The Oregon Department of Environmental Quality (DEQ) recently published a retrospective on a high-profile cleanup effort 21 years ago that offers important lessons for today.
The wood-chip freighter New Carissa ran aground near Coos Bay, Oregon in February 1999. The effort to contain 70,000 spilled gallons of the ship’s fuel and later remove the New Carissa from the beach lasted nearly a decade and was a major event in the state’s history. The incident command team, consisting of DEQ, the U.S. Coast Guard, and the Japanese company that owned the ship, was one of the largest ever assembled in Oregon.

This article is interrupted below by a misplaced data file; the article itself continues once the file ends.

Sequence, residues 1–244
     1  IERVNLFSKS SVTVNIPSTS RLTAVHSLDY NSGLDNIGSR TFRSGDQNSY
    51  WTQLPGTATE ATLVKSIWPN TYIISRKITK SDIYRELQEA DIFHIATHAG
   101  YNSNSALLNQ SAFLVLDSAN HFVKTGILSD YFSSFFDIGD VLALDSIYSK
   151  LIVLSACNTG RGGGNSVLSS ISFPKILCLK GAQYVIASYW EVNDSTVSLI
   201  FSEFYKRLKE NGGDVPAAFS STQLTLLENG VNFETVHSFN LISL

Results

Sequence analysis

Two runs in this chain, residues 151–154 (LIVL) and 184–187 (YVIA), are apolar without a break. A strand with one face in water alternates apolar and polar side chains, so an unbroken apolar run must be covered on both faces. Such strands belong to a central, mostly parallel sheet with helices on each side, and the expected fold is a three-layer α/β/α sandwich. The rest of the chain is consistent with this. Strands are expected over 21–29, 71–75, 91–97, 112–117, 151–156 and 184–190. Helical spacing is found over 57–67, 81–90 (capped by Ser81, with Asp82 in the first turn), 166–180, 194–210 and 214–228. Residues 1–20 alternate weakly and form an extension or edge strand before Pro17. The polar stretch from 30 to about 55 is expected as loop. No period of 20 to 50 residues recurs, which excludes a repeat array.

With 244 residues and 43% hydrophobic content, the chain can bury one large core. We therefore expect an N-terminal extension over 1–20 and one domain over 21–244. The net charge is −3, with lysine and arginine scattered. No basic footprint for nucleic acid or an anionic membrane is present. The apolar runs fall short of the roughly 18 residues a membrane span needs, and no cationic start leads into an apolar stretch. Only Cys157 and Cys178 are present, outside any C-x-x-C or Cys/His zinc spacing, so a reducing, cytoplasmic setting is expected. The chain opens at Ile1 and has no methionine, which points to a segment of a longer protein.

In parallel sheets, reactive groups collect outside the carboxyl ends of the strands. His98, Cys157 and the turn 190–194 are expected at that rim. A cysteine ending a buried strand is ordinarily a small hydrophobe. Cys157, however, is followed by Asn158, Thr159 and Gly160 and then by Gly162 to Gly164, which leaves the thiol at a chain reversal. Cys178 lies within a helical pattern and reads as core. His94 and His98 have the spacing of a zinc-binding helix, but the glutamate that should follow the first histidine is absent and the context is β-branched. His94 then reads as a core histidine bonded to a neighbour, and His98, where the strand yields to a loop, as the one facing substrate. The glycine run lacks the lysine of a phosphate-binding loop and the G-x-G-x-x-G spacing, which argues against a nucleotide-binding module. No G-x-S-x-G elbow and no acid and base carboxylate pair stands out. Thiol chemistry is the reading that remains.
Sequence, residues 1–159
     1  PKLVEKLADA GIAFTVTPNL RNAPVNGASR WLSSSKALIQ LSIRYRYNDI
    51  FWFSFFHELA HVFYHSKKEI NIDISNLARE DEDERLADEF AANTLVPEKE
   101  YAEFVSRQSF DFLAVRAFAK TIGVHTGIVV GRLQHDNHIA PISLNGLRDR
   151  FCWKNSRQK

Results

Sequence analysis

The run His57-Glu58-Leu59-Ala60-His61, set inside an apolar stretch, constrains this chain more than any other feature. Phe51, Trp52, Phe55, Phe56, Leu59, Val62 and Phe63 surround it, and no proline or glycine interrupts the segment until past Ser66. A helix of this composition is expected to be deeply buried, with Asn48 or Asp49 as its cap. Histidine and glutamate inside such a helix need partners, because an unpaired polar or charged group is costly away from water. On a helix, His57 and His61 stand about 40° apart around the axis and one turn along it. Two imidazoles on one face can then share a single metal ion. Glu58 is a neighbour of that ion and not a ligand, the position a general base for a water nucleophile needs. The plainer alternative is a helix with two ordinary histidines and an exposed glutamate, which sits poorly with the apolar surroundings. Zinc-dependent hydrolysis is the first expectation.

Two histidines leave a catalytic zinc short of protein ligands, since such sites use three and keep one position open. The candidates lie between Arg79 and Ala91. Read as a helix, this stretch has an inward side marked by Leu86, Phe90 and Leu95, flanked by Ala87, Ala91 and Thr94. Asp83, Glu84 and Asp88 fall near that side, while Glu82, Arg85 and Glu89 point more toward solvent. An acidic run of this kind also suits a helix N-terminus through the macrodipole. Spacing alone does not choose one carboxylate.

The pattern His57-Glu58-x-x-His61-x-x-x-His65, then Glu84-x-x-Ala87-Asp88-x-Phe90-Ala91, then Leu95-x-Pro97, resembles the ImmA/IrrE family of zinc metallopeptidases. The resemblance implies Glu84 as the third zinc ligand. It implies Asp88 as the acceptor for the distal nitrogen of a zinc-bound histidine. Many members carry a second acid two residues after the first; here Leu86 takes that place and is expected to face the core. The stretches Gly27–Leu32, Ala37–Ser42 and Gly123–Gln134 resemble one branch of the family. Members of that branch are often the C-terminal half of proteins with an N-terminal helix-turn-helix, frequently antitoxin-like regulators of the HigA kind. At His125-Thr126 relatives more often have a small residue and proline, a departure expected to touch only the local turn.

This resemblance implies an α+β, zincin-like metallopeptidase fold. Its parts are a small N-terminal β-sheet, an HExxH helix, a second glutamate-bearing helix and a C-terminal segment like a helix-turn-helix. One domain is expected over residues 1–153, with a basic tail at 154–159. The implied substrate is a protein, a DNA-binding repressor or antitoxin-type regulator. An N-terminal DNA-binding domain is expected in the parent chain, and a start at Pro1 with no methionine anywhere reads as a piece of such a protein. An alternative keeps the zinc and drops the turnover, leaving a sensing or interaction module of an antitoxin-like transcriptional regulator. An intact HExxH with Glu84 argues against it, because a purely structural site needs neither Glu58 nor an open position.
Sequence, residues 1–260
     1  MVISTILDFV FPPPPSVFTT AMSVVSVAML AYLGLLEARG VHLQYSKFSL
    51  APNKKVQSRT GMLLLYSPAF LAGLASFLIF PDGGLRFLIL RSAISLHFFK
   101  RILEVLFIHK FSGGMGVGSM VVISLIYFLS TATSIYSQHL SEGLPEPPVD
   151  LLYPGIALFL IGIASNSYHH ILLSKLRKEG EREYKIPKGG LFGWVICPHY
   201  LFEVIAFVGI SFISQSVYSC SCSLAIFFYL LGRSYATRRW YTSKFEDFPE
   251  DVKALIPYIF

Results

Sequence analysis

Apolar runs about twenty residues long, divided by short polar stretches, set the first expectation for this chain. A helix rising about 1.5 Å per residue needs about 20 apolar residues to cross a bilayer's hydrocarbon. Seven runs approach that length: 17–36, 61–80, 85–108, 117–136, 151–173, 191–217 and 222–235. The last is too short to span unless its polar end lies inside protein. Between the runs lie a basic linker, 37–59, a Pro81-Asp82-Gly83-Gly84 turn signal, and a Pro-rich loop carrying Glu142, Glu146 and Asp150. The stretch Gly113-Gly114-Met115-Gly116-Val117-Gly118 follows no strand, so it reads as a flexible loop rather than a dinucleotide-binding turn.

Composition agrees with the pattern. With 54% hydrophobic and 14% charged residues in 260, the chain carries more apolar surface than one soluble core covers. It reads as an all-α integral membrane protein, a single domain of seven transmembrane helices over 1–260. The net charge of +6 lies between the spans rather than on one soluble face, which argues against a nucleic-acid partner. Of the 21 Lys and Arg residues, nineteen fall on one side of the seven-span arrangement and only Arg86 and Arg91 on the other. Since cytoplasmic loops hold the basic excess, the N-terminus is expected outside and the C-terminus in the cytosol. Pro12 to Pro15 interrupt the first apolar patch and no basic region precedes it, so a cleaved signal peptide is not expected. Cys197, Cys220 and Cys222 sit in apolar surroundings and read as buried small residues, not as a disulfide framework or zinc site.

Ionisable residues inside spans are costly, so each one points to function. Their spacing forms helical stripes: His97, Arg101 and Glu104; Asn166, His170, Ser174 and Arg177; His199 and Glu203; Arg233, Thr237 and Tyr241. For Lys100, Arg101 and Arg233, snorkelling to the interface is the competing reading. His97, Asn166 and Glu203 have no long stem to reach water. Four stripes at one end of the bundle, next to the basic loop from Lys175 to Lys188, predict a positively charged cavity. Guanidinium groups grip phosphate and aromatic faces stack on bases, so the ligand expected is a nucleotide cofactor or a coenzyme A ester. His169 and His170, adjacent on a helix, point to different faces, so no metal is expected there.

DEQ’s retrospective features testimonials from employees involved in the cleanup, vivid photos of the wreck, and stirring narration of crucial moments throughout the incident. Pieces like this can uniquely and powerfully illustrate the value of state environmental agencies and promote understanding of our environmental history.